A couple of weeks ago, Mike Keesey brought up a point where, it seems, the ICZN doesn't actually say what everyone has always thought it says. The tone of the ensuing discussion reminds me of a story that a Jewish friend of mine once told me. It concerns a disagreement that the famous rabbi Akiba ben Joseph* once had with a group of other rabbis on a point of law (hush up if you've heard this one before).
*Well, to be honest, I'm not sure if it was actually Akiba that was the subject of the story. It might have been some other influential figure. For the sake of maintaining a narrative, let's just say it was Akiba.
Anywho, the argument had apparently been raging for some time - Akiba holding out for one interpretation, all the other rabbis in the room holding to the other - and had evidently reached something of an impasse. Eventually, frustrated at his failure to get his point across successfully, Akiba exclaimed that if he was in the right, then the tree standing at the door of the synagogue should uproot itself and walk away. Amazingly, this is exactly what happened at that very moment. But the other rabbis were unimpressed by this miracle - after all, they demanded to know, what would a mere tree know of the Holy Law? Akiba then made another oath, that his correctness should be demonstrated by the river running outside the synagogue turning back on itself, and flowing uphill. Again, the river did this very thing (and according to the story, it still does today). But once more the other rabbis only scoffed - what does a river know of the Holy Law?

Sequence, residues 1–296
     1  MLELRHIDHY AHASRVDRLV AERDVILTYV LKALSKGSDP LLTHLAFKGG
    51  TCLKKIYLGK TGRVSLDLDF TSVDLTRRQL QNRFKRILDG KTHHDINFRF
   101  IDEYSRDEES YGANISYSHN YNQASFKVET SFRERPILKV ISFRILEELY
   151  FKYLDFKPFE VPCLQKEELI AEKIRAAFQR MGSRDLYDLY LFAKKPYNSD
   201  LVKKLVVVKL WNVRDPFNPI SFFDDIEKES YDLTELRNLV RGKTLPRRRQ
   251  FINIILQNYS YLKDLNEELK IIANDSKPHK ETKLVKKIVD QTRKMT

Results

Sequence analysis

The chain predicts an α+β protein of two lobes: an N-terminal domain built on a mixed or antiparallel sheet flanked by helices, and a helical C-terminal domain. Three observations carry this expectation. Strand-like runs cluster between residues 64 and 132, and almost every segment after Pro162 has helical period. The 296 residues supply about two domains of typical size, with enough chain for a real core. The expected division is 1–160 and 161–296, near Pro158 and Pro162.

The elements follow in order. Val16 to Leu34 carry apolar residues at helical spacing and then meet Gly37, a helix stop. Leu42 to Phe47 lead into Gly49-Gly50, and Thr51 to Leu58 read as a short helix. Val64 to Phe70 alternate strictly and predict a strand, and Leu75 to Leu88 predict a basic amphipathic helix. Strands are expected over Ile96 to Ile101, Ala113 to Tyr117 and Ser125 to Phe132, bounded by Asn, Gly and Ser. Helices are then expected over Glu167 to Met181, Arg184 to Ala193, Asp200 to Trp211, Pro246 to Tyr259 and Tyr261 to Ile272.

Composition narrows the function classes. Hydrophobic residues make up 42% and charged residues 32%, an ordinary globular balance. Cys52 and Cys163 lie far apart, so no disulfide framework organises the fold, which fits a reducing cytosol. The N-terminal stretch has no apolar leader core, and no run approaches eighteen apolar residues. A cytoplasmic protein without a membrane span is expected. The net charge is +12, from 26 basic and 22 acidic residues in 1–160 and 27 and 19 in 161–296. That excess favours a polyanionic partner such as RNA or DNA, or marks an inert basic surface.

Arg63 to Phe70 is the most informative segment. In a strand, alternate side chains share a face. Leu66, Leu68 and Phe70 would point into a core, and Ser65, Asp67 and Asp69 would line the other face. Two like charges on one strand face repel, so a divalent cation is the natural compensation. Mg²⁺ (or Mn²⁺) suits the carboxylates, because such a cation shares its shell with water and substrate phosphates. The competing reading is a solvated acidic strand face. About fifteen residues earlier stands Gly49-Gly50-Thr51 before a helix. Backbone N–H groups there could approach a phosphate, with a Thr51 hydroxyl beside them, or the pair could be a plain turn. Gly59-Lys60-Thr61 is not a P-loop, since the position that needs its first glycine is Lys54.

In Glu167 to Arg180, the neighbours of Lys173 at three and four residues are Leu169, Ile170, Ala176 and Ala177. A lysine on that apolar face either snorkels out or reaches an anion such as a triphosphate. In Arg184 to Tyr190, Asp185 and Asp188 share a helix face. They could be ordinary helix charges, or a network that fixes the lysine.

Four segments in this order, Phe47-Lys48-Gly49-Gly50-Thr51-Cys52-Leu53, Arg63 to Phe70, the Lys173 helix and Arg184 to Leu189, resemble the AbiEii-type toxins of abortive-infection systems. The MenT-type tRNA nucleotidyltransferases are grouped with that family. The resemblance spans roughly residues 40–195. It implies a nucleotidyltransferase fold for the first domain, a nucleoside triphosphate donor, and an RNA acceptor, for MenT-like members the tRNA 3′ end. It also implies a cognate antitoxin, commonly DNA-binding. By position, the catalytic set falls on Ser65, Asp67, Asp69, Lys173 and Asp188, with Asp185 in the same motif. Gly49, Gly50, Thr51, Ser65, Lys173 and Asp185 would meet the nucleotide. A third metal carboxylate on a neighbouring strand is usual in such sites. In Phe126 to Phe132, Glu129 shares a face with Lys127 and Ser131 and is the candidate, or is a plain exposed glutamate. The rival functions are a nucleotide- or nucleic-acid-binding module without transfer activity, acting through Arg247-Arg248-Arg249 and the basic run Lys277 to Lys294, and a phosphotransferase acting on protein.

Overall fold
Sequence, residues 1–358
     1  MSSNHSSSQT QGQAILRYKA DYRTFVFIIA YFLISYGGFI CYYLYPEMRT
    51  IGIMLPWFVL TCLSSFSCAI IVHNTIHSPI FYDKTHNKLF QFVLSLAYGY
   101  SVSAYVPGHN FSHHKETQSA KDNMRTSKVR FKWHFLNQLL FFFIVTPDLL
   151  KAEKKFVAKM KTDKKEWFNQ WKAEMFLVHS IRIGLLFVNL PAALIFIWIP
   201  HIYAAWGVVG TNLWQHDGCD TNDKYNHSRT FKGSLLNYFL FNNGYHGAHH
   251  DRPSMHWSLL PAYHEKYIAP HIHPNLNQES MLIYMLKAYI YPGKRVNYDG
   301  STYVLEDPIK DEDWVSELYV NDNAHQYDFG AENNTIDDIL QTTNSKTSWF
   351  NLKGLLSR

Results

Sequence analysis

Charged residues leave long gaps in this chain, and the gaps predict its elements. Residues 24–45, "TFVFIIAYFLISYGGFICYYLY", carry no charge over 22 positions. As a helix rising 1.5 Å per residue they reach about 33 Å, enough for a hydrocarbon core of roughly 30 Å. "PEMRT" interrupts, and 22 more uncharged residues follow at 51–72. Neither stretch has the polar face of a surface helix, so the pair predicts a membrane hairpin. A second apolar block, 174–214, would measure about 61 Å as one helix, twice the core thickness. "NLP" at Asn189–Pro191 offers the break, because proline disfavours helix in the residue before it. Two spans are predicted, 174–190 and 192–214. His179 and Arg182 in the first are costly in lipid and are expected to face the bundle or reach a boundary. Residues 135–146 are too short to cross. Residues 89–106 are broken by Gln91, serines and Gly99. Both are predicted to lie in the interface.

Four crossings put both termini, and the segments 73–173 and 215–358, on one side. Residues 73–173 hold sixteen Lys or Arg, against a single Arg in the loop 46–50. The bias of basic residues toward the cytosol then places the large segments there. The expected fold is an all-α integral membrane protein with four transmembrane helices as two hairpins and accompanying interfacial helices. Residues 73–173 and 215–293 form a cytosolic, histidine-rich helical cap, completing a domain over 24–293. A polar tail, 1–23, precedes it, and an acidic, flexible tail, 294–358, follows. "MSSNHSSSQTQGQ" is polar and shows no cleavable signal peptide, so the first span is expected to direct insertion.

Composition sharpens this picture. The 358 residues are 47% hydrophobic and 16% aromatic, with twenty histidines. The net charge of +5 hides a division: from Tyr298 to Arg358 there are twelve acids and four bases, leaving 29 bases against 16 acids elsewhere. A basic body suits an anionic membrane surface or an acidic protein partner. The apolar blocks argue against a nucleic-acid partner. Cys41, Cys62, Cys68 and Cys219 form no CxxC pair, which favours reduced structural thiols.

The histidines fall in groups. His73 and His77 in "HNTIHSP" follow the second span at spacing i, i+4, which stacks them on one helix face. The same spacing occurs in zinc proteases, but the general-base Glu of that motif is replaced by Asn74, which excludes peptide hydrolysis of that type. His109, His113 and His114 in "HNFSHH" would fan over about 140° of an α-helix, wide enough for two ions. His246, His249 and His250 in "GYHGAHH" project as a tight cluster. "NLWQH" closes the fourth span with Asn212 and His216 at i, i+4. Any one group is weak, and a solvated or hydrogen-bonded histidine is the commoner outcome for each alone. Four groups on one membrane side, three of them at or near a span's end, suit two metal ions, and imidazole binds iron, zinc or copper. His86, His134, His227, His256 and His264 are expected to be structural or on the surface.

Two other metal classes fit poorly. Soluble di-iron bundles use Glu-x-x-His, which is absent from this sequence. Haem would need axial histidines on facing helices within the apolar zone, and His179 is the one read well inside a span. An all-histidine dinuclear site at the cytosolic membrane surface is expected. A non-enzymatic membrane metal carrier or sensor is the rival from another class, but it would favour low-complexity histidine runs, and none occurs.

His frustration at a peak, Akiba appealed to the highest authority he knew of, exclaiming that if he was in the right, G-D himself would speak in his favour. And at the point, the clouds opened, a light shone down from the sky, and a great voice could be heard - "Rabbi Akiba is right!" Hearing this voice, the other rabbis turned to face the heavens, and spoke as one: